Monday, August 24, 2015

Mike Butler: Tribes compete in Auckland claim


It was only a matter of time that some tribe would claim the city of Auckland. Then, lo and behold, when the frail, intellectually challenged Maori king did just that on Friday, a second claim for the City of Sails was revealed.

First, Maori king Tuheitia told more than 500 people at his annual speech at Turanagwaewae Marae that he was determined to launch a claim for greater Auckland.(1)

Then Ngapuhi leader David Rankin confirmed on Saturday plans were “well under way” for his tribe to make a claim on the same area.(2)

Both claims include the Mahurangi Peninsula near Warkworth, the Firth of Thames, and across to the Manukau Harbour and Piha.

The Maori king’s spokesman Tukoroirangi Morgan said “throughout Auckland there are a number of sites that Te Wherowhero, the first Maori King, had predominant mana over”.

Rankin said "Ngapuhi's history in Auckland extends back for several centuries, and that there are numerous sites in the city that are sacred to the iwi."

"The King of Huntly is being a bit cheeky. His ancestors didn't even sign the treaty and now he wants a piece of the action. But Ngapuhi's message to him is clear: keep out of Auckland until we've finished with it,” he said.

If this is an historical claim, the deadline for historical claims passed on September 1, 2008. Tuheitia has been “king” since 2006, and this is the first time he has aired this claim publicly.

Rankin said the basis of the Ngapuhi claim will be that because the Crown ignored Ngapuhi when settling the Auckland claim with Ngati Whatua, a breach of the treaty occurred.

A spokeswoman for Treaty Negotiations Minister Chris Finlayson said the Crown recognised Waikato-Tainui was one of several groups with historical Treaty of Waitangi claims in the Auckland region.

As reporters sought comment, the usual suspects enabled the outrageous claim to take on some semblance of credibility.

Former Maori studies professor and Waitangi Tribunal member Ranginui Walker told television that the deadline for historical was merely a unilateral decision by government.

Treaty expert Professor Paul Moon of AUT University said it was a huge claim that could lead to a stoush, with the risk that a great deal of division between claimants - Ngaphui, Ngati Whatua and now Tainui”.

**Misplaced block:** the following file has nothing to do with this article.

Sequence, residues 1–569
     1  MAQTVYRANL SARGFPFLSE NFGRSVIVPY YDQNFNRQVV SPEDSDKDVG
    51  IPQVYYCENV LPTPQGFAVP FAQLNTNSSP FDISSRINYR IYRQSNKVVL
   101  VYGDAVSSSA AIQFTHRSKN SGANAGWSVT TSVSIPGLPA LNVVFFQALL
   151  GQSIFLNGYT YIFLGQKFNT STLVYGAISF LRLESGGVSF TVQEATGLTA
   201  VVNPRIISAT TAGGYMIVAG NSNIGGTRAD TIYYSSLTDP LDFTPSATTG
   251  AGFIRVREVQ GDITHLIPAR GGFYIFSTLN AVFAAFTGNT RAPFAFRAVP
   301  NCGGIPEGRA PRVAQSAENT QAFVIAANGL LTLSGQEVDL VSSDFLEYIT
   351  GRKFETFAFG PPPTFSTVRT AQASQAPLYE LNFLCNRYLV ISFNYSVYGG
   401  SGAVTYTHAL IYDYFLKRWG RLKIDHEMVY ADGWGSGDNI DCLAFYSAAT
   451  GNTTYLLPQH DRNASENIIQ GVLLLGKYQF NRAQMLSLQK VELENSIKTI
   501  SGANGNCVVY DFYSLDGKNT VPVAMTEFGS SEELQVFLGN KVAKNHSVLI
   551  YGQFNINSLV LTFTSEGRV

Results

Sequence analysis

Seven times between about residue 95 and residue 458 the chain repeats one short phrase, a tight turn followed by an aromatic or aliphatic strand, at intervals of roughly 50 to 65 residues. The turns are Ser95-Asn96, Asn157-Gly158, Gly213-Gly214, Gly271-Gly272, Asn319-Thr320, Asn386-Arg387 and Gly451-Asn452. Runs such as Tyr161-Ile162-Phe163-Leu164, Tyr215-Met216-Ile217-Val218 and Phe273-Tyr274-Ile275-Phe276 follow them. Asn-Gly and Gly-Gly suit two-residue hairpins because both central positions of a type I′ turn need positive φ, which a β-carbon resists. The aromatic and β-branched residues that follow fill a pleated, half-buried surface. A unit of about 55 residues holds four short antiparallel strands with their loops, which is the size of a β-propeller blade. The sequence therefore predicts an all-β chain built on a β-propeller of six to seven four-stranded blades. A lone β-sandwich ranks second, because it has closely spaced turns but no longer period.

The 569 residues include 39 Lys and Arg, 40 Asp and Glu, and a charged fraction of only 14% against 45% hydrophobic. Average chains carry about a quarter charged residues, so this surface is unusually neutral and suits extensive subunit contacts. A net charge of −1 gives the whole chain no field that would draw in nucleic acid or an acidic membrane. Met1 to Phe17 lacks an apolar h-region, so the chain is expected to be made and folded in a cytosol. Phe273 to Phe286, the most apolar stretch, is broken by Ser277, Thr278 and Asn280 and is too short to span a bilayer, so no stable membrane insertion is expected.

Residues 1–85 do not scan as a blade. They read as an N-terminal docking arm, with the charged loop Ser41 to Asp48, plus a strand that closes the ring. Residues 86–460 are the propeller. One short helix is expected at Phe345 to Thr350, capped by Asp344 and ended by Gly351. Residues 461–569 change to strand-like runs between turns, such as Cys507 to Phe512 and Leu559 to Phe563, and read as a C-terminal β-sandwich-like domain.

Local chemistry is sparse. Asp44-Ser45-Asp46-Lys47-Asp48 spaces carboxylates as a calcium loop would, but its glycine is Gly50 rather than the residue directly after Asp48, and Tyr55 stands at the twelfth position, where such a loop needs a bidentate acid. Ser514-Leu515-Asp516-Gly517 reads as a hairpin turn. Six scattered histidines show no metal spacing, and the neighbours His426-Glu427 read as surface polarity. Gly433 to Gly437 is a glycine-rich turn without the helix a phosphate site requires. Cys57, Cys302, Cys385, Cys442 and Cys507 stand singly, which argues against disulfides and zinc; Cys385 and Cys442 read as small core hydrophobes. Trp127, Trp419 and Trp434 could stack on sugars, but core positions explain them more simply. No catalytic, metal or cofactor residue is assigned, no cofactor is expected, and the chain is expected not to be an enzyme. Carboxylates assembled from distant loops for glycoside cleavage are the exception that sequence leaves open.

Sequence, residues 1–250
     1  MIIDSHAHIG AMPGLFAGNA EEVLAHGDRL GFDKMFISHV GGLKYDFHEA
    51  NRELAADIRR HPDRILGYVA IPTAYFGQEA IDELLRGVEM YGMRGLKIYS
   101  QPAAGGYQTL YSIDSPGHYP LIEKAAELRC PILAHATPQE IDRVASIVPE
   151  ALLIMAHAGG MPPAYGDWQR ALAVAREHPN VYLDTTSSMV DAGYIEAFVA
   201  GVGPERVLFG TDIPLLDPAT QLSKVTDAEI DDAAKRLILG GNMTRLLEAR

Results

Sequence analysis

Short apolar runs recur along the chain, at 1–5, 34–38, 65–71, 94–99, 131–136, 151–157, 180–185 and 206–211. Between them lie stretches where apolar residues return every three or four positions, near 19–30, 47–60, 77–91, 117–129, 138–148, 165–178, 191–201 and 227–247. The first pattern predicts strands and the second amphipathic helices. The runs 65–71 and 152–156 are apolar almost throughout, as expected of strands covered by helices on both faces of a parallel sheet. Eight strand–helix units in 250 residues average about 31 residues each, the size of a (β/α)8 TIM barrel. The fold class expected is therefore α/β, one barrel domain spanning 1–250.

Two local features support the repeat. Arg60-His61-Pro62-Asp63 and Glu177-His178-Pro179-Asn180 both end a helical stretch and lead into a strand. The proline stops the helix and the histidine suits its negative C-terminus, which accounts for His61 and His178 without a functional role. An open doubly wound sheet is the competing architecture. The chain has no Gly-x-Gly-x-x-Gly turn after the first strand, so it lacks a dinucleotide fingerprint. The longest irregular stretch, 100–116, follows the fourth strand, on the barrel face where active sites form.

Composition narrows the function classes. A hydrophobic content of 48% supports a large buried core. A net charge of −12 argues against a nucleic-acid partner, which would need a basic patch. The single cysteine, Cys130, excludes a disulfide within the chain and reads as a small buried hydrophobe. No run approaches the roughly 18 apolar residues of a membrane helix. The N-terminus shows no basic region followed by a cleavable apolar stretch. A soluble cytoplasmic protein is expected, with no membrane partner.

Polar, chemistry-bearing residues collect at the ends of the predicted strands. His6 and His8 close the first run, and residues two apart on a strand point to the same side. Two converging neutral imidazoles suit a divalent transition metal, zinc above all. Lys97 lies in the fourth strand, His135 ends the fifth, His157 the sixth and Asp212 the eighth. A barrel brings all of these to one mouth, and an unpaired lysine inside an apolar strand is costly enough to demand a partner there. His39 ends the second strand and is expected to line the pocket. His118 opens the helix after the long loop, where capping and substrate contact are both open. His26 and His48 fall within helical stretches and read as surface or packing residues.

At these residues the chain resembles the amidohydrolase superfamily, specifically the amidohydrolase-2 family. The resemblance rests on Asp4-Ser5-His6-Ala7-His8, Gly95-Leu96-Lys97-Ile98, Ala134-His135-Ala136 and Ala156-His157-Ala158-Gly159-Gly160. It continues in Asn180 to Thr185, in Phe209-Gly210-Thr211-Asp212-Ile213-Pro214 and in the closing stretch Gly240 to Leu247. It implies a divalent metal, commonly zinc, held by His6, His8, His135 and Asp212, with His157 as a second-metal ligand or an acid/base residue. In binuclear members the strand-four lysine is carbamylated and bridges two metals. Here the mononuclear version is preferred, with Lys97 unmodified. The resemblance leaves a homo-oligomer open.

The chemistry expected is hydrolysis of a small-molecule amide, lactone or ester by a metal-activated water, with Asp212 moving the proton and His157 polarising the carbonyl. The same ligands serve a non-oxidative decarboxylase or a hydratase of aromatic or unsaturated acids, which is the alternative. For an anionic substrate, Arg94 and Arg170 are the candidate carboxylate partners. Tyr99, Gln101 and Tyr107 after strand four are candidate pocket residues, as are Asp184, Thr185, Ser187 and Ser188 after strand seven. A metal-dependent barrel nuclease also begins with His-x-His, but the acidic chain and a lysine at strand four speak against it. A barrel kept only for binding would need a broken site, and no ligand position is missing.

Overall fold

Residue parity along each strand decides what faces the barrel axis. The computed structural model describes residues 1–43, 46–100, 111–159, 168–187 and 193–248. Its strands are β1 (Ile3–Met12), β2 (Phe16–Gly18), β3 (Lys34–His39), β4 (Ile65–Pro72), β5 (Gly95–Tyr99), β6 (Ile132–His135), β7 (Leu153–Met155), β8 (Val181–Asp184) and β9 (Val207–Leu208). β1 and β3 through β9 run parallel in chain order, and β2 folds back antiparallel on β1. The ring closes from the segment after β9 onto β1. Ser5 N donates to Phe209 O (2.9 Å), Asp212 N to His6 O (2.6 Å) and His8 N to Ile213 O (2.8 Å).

Looking at history, the Auckland isthmus was largely uninhabited in 1840, at the official start of British settlement.

Ngati Whatua had occupied the Auckland area from the mid-18th century until 1822 when driven out by a Ngapuhi war expedition. From 1840, Ngati Whatua people were happy to sell large parcels of land to incoming settlers because they were too frightened to live there alone.

As settlers bought pieces of the isthmus, Patuone of Ngapuhi supported the British governor by acting as a buffer against attacks from the north. Te Wherowhero of Waikato protected from the south.

New Zealand First leader Winston Peters said the claims were absurd. "National's indulgence for Maori separatism is leading to ever more ludicrous claims,” he said. "In all seriousness National is keen to put iwi before Kiwi and that's not something people voted for." (3)

Waikato-Tainui celebrated in May the 20th anniversary of its 1995 settlement in which the tribe was given $170-million to settle grievances over land confiscation.

A relativity clause in that settlement gives the tribe 17 percent of all settlements since the $1-billion (in 1992 dollars) mark was reached three years ago.

The 1995 settlement was the tribe’s second confiscation settlement.

The Waikato-Maniapoto Maori Claims Settlement Act 1946 provided a £10,000 lump sum and payments for 45 years to compensate for land confiscations. The Act has the words “final settlement” on page 1.

These two claims for Auckland by Waikato-Tainui and Ngapuhi follow 30 years of successive governments seeking to placate escalating demands by simply acceding to their ultimatums.

The claims will only stop when a government says no or when the government runs out of cash.

Sources
1.Maori King lays claim to Auckland, http://www.nzherald.co.nz/nz/news/article.cfm?c_id=1&objectid=11500880
2. Ngapuhi leader tells Maori king 'of Huntly' to keep out of Auckland. http://www.stuff.co.nz/national/71363090/ngapuhi-leader-tells-maori-king-of-huntly-to-keep-out-of-auckland
3. Ibid

7 comments:

Anonymous said...

The Crown and Auckland Council's genuflecting to Ngati Whatua and its various hapu based on their claim to mana whenua over the Tamaki Isthmus is arrant nonsense.

Further, it is often asserted that Ngati Whatua “gifted” the land on which Auckland City now stands to the Crown, thus entitling them to be involved on an ongoing basis in running the city.

The land was not “gifted” at all, but sold to the Crown for cash and goods. Once something is sold, it’s gone for good, and the seller has no further claim over it or ongoing rights to say what happens with it.

Claims to the contrary can be likened to selling someone a house, then demanding a perpetual say in how it is renovated, decorated and landscaped.

In any event, like so many early New Zealand land sales, Ngati Whatua’s claims to ownership at the time of sale are tenuous at best.

Ngati Whatua were not the first occupants of the Auckland area. Originally based further north, they colonised the locality around 1750 by exterminating its former occupants, Te Waiohua.